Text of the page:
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cientists have rerouted a young quadriplegic man’s brain signals, allowing him to swipe a credit card, pour out a bottle, and move his fingers well enough to play Guitar Hero, they reported Wednesday in the journal Nature.

Reports of paralyzed limbs regaining motion always create excitement. But neurologists warn that this advance, while intriguing, is not going to help people with quadriplegia in the real world any time soon.

The patient, 24-year-old Ian Burkhart, trained on the neural bypass system for more than a year before he got the six hand and wrist movements down. And he can only move his hand while using the system in the clinic. Researchers on the team and elsewhere are working on wireless technology that would allow patients to use the system outside a lab and improve its durability.

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Despite the limitations, Burkhart said being able to make movements with his hand that most people take for granted gave him a sense of hope. He was paralyzed after diving into a wave and being thrown into a sandbar the summer after his freshman year of college.

“I know firsthand what all was taken away from me when I had my injury,” said Burkhart, who retained some motion in his upper arms and shoulders after the accident. “For me, being in a wheelchair and not being able to walk isn’t the biggest thing.”

In a healthy person, the brain sends signals to muscles throughout the body via the spinal cord. Burkhart’s injury blocked that path, just as a bridge collapse would prevent drivers from crossing.

The neural bypass system acts as a detour.

As a first step, surgeons implanted a microelectrode array into Burkhart’s brain — specifically, an area of the left primary motor cortex tied to hand movements. A small port in his head lets scientists attach wires to that brain implant and stream Burkhart’s neural signals through a computer to a special sleeve he wears on his arm. The sleeve, dotted with 130 electrodes, helps convert those signals into muscle contractions to generate hand and wrist movement.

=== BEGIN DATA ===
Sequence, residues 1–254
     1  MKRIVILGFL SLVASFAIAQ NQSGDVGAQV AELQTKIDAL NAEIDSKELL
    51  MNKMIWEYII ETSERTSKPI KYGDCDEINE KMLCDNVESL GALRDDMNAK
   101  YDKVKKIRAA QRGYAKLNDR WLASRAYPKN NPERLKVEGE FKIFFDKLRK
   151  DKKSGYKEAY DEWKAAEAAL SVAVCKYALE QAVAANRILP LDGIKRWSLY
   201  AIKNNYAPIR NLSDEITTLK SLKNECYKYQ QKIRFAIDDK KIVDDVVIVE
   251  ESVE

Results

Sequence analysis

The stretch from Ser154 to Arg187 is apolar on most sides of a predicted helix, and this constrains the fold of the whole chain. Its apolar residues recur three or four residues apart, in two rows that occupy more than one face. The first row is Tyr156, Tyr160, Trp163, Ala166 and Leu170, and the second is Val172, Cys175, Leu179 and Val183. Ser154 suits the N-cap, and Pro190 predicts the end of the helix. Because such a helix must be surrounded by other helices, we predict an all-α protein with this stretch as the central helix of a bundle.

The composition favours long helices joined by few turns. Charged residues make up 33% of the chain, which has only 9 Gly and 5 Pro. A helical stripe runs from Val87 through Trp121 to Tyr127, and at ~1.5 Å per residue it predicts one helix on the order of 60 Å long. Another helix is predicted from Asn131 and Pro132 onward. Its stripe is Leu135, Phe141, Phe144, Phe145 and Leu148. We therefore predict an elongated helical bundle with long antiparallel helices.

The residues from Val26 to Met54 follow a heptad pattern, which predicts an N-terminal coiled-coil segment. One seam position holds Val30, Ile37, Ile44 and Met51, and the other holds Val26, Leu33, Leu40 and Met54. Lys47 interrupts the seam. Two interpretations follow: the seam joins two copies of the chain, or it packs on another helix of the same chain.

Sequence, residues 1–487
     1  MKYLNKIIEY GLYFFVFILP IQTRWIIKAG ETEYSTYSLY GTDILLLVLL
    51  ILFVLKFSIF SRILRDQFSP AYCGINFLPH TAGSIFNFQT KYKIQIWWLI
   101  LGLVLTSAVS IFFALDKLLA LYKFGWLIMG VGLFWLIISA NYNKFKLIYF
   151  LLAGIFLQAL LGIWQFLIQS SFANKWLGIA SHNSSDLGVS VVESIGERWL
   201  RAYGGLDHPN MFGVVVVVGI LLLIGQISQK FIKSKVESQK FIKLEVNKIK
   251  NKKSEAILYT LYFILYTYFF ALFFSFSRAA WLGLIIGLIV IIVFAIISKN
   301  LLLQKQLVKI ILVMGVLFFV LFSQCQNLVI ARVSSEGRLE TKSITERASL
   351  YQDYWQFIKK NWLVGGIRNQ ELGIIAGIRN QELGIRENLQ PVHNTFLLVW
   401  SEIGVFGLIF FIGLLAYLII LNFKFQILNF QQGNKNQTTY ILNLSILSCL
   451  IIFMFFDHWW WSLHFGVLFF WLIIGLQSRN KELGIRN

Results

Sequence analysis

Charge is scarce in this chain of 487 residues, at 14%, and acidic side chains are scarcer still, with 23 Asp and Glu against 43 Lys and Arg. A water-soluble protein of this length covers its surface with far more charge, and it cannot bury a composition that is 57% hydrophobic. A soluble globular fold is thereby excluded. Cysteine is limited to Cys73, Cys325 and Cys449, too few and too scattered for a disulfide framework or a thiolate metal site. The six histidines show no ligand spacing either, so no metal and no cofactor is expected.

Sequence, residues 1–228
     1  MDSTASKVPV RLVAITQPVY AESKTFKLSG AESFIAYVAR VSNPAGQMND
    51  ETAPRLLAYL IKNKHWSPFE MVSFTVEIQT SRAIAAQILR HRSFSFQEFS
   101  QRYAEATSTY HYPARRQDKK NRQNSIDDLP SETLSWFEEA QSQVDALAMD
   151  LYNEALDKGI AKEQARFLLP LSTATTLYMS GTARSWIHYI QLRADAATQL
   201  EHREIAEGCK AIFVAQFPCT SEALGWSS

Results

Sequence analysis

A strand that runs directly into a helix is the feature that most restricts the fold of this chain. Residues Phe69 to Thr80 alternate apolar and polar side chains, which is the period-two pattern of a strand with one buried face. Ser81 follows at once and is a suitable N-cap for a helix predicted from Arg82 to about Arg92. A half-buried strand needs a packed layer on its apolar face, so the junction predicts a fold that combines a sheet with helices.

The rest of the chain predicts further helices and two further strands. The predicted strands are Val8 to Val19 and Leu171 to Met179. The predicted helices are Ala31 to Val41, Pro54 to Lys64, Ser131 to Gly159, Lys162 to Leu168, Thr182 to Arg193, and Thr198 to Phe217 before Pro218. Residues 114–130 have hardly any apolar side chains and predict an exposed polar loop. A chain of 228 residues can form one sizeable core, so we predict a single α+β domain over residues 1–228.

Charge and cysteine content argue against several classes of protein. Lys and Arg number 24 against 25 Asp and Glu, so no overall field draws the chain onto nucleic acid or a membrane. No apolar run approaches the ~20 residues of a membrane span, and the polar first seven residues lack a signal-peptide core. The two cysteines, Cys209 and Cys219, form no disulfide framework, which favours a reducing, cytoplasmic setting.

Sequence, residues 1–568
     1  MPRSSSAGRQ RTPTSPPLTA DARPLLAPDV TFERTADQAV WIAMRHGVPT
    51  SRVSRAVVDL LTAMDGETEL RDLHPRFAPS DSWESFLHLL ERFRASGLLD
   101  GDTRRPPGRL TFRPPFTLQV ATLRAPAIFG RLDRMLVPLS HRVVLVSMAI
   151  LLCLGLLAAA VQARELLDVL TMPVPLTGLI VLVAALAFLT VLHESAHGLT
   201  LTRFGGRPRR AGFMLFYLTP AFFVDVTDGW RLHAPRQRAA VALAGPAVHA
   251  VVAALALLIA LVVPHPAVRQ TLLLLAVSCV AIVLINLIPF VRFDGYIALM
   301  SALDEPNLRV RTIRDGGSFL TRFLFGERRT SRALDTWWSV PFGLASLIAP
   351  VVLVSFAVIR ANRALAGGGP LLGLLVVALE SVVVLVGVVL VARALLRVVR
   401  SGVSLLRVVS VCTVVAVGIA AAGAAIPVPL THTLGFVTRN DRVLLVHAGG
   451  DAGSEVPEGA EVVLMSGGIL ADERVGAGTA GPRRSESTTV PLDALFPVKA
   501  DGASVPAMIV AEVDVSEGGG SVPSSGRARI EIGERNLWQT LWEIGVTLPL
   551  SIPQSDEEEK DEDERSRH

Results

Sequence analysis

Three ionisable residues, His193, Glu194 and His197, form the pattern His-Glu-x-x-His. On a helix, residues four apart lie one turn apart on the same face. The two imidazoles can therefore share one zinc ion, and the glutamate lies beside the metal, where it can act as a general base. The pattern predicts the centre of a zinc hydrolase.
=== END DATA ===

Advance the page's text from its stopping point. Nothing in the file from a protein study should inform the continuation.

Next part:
As Burkhart trained on the system, machine-learning algorithms refined how the signals were relayed from the motor cortex to the arm. As he learned how to use the system to trigger a specific hand movement, the system was simultaneously learning how to best decode his thoughts into the right impulses to prompt the correct arm muscles to contract.

The researchers had previously reported that Burkhart was able to hold a spoon and open and close his hand, but the advances documented Wednesday by a team from Ohio State University and Battelle Memorial Institute showed he had made progress on the types of motions that could help him in his daily life.

“What we’ve been working on is just trying to improve the functionality of the system, improve the amount that Ian can do,” said Nick Annetta, a Battelle electrical engineer and one of the paper’s authors. “Picking up a spoon was great, but we want him to do so much more.”

Other research groups have shown they can use the brain’s signals to control prosthetic devices, but the authors of the new paper said they were focused on helping people regain movement without the aid of robotics or mechanic exoskeletons. They also sought to minimize invasive procedures (other than the brain surgery) by using an external sleeve of electrodes instead of inserting the electrodes into the arm.

“The goal is to make it simpler,” said Dr. Ali Rezai, an Ohio State neurosurgeon.

But Robert Kirsch, a biomedical engineer at Case Western Reserve University not involved with the paper, said relying on electrodes on the skin’s surface may limit the technology’s strength.

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Kirsch, who is part of a project called BrainGate, is working on another system designed to produce movement in patients with even more severe injuries than Burkhart has. He inserts electrodes into the arm, which he said allows for more selective muscle activation.

“It’s a nice study,” Kirsch said about the Nature paper. Creating movement is “a hard thing to do — I know because we’re doing it.”

But, he added, “surface stimulation is not very targeted.”

Other researchers not involved with the paper said the results were not all that different from responses other paralyzed patients have shown with different approaches.

The movements temporarily restored by such efforts aren’t totally fluid. That’s because even a seemingly simple hand and wrist motion rests on a complex choreography of different muscles contracting at precise times and at different strengths underneath the skin. Researchers still need to fine tune that choreography.

“It’s very difficult to figure out which set of muscles you need to activate to get a certain movement,” said Andrew Schwartz, a University of Pittsburgh neurobiologist who has worked on brain control of robotic prosthetics.

As excited as they were about Burkhart’s movements, the study’s authors acknowledged that they have a long way to go.

When they first saw Burkhart move his hand, Rezai said, “We said, ‘OK, now the real work starts.’”

Correction: A previous version of this story imprecisely characterized which researchers developed the neural bypass system. 

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